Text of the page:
Value in the land
Developers seek a profit in orchard and vineyard land.
Just north of Oroville, Washington, on the shores of Lake Osoyoos, plans for the first phase of the 110-unit Veranda Beach resort development are steaming ahead.
The final 30 units sold within days of hitting the market in mid-August, snapped up largely by buyers over the border in Canada unfazed by the slowdown hitting U.S. housing markets.
An acre of lakefront property that struggled to command $125,000 five years ago now sells for $600,000, said Rocky DeVon, owner of the Re/Max Lake and Country brokerage in Oroville. With the exchange rate between the countries' dollars continuing to narrow, Canadians are finding Okanogan County properties cheaper than ever before.
"They simply cannot create enough inventory on the Canadian side to fulfill the demand, and with the U.S. dollar and Canadian dollar almost at par, our property is still substantially cheaper than theirs," DeVon said. "If you were to take that same $600,000 lot five miles north of us, you would be talking $1 million for it, and if you took it up to Kelowna, you'd be talking $1.5 million."
The phenomenon is good news for Okanogan County orchardists, many of whom were hit hard by the travails of the apple industry in the late 1990s and early part of this decade. A single packing house remains in Oroville.
Up to a half-dozen developers—some from Canada—are reportedly scouting local properties for resort projects. Ironically, some of those developments will more than likely have an agricultural element.
Legend Resorts, Ltd., of Kelowna, British Columbia, which is developing Veranda Beach, plans to include an on-site winery in the second phase of the project.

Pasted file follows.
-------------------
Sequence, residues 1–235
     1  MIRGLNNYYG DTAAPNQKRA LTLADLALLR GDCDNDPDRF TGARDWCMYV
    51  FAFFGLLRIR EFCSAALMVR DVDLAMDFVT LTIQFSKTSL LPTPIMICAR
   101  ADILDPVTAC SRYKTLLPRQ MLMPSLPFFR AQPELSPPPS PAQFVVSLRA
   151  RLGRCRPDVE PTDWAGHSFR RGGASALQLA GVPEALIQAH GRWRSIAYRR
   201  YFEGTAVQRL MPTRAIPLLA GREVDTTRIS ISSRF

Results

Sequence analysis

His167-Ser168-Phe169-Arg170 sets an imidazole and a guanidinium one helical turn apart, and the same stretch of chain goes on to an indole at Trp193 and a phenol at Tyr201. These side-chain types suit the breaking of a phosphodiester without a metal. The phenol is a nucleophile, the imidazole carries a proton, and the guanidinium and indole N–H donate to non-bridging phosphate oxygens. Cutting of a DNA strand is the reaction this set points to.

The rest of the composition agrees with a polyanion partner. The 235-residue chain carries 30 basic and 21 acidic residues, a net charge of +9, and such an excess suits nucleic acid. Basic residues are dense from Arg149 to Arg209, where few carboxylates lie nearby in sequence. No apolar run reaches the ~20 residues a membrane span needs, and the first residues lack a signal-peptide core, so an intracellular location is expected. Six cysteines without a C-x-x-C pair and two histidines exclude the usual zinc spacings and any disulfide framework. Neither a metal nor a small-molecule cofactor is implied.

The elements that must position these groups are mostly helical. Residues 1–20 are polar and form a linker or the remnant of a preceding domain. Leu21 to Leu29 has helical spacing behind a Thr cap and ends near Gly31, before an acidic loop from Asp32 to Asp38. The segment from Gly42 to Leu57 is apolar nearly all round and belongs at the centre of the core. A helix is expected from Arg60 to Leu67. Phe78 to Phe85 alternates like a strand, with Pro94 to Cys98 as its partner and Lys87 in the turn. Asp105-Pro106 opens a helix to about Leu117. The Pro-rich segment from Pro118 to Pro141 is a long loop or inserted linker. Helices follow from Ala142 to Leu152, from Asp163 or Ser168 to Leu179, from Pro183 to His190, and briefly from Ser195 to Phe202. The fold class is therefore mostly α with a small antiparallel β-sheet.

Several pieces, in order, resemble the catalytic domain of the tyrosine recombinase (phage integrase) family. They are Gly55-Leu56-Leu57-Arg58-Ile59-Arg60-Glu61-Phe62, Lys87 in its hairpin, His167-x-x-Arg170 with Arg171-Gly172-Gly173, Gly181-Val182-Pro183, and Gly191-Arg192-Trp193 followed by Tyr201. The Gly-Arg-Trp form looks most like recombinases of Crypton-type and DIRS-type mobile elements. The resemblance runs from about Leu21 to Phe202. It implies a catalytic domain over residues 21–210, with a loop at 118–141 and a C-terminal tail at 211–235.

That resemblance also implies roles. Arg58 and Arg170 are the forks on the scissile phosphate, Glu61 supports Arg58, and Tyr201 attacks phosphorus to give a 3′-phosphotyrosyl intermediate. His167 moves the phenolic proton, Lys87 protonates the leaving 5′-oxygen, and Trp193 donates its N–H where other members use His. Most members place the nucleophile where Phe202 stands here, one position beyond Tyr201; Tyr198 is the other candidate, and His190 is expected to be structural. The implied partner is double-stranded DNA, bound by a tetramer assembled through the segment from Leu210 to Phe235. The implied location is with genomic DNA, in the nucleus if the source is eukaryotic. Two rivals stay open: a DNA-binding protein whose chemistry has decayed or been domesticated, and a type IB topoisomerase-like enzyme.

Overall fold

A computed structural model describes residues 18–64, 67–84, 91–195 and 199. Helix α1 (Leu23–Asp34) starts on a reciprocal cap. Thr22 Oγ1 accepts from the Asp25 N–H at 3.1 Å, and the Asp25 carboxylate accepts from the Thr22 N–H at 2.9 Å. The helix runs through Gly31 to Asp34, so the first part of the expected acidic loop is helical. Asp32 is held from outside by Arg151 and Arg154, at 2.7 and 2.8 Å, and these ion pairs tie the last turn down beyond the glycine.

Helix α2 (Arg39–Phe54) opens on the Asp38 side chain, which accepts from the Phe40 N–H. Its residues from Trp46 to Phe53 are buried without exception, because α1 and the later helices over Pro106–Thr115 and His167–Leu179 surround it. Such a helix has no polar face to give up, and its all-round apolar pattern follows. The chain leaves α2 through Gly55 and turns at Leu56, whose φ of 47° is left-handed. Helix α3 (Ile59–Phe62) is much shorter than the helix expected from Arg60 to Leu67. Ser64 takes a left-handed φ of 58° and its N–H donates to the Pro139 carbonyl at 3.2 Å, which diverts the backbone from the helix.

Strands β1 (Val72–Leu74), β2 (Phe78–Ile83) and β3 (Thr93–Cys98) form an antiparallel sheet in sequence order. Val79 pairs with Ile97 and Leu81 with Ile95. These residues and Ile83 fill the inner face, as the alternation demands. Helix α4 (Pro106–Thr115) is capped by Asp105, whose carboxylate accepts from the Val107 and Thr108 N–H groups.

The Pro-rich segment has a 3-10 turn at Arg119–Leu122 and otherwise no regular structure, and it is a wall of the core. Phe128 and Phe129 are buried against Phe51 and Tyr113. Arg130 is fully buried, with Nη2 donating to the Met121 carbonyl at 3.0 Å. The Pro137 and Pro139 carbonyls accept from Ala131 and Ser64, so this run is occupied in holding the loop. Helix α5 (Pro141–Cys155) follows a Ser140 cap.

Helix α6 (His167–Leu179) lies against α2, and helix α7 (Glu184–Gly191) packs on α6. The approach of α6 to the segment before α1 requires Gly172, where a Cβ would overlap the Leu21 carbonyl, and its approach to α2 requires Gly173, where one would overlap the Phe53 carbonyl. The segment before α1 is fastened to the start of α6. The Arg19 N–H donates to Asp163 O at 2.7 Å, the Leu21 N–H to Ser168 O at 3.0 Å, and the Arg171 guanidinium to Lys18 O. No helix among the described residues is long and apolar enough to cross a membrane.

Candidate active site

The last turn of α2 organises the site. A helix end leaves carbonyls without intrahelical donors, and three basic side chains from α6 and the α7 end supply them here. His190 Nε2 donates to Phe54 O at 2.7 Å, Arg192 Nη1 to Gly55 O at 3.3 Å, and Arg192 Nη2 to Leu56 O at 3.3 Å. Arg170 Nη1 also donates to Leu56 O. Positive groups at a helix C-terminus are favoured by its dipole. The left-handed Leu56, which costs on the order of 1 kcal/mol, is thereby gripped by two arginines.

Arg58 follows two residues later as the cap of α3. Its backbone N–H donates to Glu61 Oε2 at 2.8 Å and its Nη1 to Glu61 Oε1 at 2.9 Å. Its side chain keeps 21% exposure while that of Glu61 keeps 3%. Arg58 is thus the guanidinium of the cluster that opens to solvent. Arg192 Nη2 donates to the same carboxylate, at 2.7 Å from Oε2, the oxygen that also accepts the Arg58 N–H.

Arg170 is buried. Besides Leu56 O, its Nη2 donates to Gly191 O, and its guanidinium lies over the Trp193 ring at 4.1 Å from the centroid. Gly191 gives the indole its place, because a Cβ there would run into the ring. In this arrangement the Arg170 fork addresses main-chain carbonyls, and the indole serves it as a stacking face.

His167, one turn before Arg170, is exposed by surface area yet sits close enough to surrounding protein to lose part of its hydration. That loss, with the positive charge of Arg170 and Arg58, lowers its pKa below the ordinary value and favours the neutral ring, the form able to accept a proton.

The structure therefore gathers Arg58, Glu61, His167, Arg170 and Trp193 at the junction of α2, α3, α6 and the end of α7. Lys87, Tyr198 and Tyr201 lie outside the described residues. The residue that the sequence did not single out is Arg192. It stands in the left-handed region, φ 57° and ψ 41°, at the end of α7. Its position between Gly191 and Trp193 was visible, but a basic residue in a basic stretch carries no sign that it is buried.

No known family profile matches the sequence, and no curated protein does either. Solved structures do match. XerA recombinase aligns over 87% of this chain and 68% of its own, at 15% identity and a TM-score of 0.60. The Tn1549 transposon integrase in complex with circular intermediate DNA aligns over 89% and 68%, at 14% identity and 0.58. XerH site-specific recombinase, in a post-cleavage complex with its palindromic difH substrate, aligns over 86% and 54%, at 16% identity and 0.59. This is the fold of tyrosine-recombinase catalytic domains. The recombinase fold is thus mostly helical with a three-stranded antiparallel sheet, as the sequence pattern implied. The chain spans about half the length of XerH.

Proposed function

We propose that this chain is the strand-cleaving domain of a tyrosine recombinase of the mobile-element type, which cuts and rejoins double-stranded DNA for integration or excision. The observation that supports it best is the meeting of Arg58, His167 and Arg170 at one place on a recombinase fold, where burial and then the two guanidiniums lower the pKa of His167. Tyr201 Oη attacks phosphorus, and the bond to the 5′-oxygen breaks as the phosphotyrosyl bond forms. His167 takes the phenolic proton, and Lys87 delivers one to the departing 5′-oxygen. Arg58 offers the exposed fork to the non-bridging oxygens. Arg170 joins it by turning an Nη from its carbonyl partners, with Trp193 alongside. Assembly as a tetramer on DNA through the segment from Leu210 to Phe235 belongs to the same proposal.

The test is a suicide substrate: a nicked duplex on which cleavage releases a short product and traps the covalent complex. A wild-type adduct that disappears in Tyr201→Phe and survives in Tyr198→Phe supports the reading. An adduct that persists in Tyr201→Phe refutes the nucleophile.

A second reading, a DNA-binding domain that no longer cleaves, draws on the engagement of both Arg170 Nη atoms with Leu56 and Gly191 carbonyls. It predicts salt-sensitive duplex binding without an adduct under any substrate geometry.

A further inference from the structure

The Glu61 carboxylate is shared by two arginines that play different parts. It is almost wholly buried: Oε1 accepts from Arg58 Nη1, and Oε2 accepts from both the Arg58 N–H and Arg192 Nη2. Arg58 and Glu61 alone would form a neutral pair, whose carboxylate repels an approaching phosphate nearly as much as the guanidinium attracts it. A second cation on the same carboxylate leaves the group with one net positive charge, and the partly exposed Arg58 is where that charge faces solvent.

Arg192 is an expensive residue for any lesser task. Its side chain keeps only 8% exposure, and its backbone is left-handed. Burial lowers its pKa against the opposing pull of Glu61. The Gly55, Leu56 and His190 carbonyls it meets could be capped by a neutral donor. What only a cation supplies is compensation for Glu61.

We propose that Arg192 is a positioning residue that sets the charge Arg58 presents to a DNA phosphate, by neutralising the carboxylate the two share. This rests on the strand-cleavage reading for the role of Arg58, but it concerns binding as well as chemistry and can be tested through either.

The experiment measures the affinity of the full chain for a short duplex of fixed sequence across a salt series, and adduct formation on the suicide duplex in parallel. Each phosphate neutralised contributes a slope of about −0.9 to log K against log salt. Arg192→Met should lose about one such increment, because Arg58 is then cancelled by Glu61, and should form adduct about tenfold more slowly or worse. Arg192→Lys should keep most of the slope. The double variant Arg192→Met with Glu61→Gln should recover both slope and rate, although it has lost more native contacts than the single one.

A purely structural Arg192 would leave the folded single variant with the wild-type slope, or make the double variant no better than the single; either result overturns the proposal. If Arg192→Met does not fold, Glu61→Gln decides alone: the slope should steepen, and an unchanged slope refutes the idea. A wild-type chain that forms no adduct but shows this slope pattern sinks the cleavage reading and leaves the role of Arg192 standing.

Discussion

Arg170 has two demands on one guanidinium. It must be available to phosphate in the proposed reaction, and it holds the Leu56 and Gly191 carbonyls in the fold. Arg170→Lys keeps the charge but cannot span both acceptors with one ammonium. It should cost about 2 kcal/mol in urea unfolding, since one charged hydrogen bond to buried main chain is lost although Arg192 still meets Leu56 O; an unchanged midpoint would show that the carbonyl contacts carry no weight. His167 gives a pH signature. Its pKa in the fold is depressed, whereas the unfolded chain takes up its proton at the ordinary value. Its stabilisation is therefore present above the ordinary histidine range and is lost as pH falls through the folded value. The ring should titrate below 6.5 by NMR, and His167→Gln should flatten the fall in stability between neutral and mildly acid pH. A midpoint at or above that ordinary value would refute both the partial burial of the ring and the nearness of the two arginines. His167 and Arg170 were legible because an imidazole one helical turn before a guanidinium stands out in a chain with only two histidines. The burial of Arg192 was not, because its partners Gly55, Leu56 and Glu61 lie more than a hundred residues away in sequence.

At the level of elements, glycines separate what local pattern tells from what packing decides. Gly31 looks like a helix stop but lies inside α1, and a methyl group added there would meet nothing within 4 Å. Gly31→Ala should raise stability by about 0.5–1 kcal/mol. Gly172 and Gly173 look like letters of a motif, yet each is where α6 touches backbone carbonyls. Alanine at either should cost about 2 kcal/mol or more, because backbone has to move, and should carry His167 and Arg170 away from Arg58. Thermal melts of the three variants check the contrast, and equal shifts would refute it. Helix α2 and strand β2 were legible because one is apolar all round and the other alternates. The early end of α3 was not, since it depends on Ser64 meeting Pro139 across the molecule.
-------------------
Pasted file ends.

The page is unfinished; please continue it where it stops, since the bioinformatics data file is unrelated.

The pattern is well established a few miles north in Canada's Okanagan Valley, where developments from Osoyoos to Vernon are pitching buyers on the appeal of living amid the vineyards that have been steadily replacing orchards as British Columbia's wine industry has matured. Wine tourism is now worth approximately $71.5 million annually, and developers are capitalizing on the appeal of a vinous lifestyle with high-end developments to match.
"It's the next evolutionary step for our industry. We've been successful because we are value-added," said Gordon Fitzpatrick, president of CedarCreek Estate Winery in Kelowna. "Wineries are now getting into the hospitality end of things as well, and all of that—with the agritourism and all of the other things that come with it—is just going to help sustain agriculture, which is the base of what we do. This enables us to keep moving up the value chain."
The Fitzpatrick family, for its part, is working with Concord Pacific Group of Vancouver, B.C., on the development of Greata Ranch Vineyard Estates, located a 20-minute drive north of Penticton on 112 acres of former orchard land overlooking Okanagan Lake.
Greata Ranch will feature 400 homes on 40 acres of the site, as well as a boutique winery (wines under the Greata Ranch label are already available), shops, marina, and other amenities. The project includes 40 acres of vineyard, part of an effort to balance residential development with the region's traditional agricultural activities.